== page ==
Bacteria lives on the surface of everyone’s skin. In a healthy person, the bacteria remains there without entering the body. But when a person has a break in the skin—either from an injury, surgery, insect bite, intravenous drug use, or something else—the bacteria has an opportunity to travel inside the body. And once inside, the bacteria can cause inflammation and infection.

People may be more susceptible to cellulitis if they have a chronic health condition, such as diabetes or vascular disease, or if they’re recovering from surgery. Individuals who are immunocompromised are also at increased risk of cellulitis.

What causes cellulitis?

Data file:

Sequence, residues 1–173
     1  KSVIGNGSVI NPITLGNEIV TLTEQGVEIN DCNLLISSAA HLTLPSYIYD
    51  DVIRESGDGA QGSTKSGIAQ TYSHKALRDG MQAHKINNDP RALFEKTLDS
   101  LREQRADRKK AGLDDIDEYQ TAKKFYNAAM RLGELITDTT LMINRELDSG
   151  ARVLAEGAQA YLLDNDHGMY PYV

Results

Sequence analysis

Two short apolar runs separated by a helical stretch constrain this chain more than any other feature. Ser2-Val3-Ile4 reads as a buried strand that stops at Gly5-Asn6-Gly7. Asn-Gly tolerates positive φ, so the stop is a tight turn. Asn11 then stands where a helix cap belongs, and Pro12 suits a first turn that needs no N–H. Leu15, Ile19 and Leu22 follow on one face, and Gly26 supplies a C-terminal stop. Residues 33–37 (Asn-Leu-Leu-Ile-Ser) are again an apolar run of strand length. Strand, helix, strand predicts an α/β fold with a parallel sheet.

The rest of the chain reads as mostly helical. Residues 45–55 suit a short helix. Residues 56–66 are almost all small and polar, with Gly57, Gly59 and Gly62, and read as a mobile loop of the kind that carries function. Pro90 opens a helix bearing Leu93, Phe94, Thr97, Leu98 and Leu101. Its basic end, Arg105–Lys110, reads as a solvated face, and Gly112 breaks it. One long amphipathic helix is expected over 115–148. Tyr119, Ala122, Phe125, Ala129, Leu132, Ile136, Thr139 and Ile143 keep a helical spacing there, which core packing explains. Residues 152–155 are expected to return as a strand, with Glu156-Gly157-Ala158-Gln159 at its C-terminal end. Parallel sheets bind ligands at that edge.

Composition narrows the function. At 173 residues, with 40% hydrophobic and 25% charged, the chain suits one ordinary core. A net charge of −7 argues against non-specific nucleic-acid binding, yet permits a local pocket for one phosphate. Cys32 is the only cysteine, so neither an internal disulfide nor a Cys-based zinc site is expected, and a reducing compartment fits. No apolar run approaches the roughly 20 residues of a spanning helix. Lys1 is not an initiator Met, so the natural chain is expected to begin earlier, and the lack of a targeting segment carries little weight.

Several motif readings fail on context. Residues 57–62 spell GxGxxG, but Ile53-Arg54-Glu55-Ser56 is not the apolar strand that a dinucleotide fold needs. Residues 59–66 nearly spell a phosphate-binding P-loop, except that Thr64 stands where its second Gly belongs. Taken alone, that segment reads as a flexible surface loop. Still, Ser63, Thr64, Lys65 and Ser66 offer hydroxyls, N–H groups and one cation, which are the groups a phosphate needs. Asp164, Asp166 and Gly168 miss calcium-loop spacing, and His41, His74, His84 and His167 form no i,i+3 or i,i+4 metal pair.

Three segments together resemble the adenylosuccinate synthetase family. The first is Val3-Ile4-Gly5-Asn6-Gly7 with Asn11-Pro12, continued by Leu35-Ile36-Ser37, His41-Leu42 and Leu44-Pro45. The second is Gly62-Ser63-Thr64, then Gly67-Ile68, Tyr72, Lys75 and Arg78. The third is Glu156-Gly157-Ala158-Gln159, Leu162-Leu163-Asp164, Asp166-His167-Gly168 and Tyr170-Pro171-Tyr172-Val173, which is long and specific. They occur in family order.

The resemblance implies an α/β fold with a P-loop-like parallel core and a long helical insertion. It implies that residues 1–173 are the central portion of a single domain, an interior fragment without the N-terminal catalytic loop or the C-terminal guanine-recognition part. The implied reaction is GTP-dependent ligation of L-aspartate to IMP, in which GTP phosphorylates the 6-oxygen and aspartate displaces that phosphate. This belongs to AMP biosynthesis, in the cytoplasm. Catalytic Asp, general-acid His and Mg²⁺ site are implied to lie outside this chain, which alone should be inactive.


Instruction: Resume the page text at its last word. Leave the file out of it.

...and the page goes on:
Group A Streptococcus (a common type of strep) and Staphylococcus aureus (staph infection) are common causes of cellulitis. Other bacteria might be responsible for certain cases, but doctors typically do not identify the pathogen causing the infection unless the patient is not responding to treatment or it’s a complicated case (for instance, an abscess is present).

What are the symptoms of cellulitis?

People who have cellulitis can experience such symptoms as:

  • A rash or sore on the skin that appears suddenly and expands quickly
  • Pain and swelling in the affected area
  • Redness and warm skin in the affected area
  • Muscle pain in the affected area
  • Stiff joints in the affected area
  • Skin that looks blistered or pitted or that appears to be taut and glossier than the surrounding skin
  • Fever
  • Chills
  • Fatigue
  • Nausea and vomiting
  • Swollen lymph nodes